Patient incompetence and substitute decision-making: an analysis of the role of the health care professional in Dutch law
Welie, Sander P K × Dute, Joseph Nys, Herman van Wijmen, Frans C B #
Health policy (Amsterdam, Netherlands) vol:73 issue:1 pages:21-40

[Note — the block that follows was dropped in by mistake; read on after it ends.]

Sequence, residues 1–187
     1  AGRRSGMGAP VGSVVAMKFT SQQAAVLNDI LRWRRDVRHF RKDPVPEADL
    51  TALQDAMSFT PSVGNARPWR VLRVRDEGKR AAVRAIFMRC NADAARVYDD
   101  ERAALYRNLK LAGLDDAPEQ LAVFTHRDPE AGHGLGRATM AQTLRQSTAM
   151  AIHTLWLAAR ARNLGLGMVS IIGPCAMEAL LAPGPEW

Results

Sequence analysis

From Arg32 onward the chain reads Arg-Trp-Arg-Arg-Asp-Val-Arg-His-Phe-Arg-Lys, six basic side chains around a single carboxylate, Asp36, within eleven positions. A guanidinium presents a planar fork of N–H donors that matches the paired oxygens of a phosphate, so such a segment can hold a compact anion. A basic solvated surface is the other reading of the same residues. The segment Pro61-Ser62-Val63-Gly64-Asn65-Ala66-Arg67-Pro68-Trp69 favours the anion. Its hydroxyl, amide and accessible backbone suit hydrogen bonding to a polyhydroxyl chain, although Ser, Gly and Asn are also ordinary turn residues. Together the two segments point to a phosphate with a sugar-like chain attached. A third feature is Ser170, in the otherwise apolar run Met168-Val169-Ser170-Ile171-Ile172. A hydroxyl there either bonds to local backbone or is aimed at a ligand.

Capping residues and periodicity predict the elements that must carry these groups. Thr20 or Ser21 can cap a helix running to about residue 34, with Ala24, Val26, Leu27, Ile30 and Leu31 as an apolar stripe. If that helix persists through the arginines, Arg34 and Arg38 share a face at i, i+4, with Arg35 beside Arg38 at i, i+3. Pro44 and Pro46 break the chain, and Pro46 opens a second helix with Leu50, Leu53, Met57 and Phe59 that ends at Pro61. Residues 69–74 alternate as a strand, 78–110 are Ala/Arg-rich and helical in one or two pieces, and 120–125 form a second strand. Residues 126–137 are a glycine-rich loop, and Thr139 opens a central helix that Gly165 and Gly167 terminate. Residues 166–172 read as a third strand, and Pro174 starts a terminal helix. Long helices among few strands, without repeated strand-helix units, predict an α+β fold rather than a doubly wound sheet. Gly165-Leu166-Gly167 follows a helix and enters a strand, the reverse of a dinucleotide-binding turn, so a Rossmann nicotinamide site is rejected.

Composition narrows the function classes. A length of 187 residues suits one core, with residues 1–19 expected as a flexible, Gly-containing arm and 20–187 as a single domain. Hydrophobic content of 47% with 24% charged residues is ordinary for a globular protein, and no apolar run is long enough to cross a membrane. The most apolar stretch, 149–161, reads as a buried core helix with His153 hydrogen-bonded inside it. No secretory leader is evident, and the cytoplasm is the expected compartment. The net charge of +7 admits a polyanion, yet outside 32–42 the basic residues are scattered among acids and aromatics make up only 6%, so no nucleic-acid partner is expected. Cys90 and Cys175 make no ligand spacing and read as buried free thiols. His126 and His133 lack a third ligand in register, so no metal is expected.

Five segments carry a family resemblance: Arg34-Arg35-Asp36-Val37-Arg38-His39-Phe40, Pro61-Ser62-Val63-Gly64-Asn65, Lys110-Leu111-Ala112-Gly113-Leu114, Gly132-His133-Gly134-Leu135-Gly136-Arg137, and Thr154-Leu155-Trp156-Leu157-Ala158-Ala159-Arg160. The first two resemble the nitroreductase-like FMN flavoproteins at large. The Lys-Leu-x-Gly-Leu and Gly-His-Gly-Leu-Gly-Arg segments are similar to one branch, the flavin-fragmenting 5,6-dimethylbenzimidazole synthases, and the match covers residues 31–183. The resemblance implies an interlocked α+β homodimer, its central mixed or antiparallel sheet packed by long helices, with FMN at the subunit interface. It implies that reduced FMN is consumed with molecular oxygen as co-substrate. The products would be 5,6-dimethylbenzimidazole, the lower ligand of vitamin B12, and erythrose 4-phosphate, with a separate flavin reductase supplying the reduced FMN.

In any jurisdiction that takes patient autonomy and patient rights seriously, patient competence is a pivotal concept. Competence, which should be distinguished from criminal responsibility and legal capacity, can be defined as the ability to exercise rights, more in particular the ability to exercise one's right to give or refuse informed consent. It depends upon a patient's competence whether or not this patient has the final say in a health care decision and whether or not the patient can legitimately be subjected to compulsory interventions in that context. These possibly far reaching consequences explain why competence is the topic of a growing amount of legal regulation and why policy attempts are made at operationalising the concept in workable criteria. Although agreed upon criteria for competence do not exist, there is consensus about some preconditions of competence assessment. Two kinds of models of substitute decision-making for incompetent patients are available, i.e. best interests models and representational models. The Dutch Contract of medical treatment Act is treated as an example of the latter. It is shown that in the Dutch model, health care professionals are not at the mercy of patient representatives. On the contrary, health care professionals are supposed to judge their patients' subjective interests and may eventually overrule the representatives. A public debate ought to take place about the basis for this authority.